The father is grieving, unable to accept that his daughter committed suicide. The father has reason to believe that his daughter was groomed and abused by Ireland’s ‘most famous film director’ when she went to workshops given by him at a film festival.
Fitzpatrick, despite herself, is somehow drawn to the story and endangers her own life in the course of her investigation. Written in the first person, it’s a pacey page-turner, full of twists.
Kirwan wrote her novel at weekends and during holidays from work, and an extract was short-listed in a competition run by Penguin Random House and the Daily Mail in 2016. One of the judges, Luigi Bonomi, is also a literary agent. He read the novel in full and took Kirwan on as a client.
She did further work on the novel and Century Arrow, part of Penguin Random House, decided to publish it.
After that came the editing process and Kirwan’s fleshing out of some under-written characters.
Shrewdly, Kirwan has created a whole world in her novel with characters such as a garda detective, and others, who will reappear in her next novel of what she hopes will be part of a series.
What is it about the legal profession and its incursion into crime literature? There are a number of crime and thriller authors in this country with a legal background such as Andrea Carter, Michael O’Higgins, and Eoin McNamee.
Kirwan, an avid reader of crime fiction as well as other genres, says: “An awful lot of lawyers were good at English in school and enjoy writing. Also, working in law is about persuading people and constructing arguments. It’s about putting words together. That’s a lot of what I do. It’s very compatible with writing books.”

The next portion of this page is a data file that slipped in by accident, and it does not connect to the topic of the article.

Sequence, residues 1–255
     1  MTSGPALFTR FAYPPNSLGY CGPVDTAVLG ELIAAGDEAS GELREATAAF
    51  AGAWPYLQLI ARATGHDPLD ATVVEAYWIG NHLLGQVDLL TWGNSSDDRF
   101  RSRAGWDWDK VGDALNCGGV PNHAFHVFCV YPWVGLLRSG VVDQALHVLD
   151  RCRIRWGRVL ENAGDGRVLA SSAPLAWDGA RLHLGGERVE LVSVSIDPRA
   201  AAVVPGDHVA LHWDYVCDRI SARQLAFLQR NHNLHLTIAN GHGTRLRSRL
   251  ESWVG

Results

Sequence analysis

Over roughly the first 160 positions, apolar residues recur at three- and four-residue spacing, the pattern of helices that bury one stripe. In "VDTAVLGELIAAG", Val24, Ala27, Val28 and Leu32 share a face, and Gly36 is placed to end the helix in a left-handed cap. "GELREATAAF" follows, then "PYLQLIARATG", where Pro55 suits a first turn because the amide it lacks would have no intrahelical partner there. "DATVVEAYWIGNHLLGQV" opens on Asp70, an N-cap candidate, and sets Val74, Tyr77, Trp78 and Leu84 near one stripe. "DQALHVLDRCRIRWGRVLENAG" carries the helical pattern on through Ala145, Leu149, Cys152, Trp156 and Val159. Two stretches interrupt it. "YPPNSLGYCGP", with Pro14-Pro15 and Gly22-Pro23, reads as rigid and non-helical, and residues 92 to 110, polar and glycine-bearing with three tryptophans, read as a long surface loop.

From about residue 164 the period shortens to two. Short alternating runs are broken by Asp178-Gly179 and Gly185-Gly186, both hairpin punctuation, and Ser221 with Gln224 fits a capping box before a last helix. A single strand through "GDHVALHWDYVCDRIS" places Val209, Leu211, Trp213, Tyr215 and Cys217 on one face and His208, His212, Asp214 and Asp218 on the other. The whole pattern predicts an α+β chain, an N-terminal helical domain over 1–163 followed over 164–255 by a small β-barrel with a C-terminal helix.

..apropos to our recent tweet-out for the 3D medium of print & ink👍🏽 we freely admit that we will be buying the audio book of DARKEST TRUTH by Catherine Kirwan [a newly published author residing in this city of writers] which will be narrated by Eileen Walsh. #BuyLocal Always! 📚 pic.twitter.com/sdpsvewPtK— whaZonCork (@whazoncork) November 21, 2018
Asked if there is snobbery about crime fiction being a lesser genre than literary fiction, Kirwan says: “Some people think that. I don’t really. Crime fiction is just different. I think there are only good books and bad books. A really well-written crime novel by John Le Carré can be every bit as good and better than some literary fiction.”
As well as the best writers of crime fiction such as Ian Rankin, Kirwan likes literary fiction by authors such as Anne Enright and Maggie O’Farrell. The river Lee features heavily in Darkest Truth. Kirwan has been involved in the Save Cork City campaign that opposes the plan for flood walls.
“I had spent so long observing the river and writing about it that I was horrified beyond belief at the stupidity and barbarism of the OPW plans. I couldn’t stand by so I got involved in the campaign. I’ve had to step back from it with the book.
There have been improvements made to the plan. I love the river. Its beauty is for everyone and it gives some people solace. Clearly, Cork needs a tidal barrier. If this was Dublin, they’d be building the barrier already.
Spoken like a true (albeit adopted) Corkonian.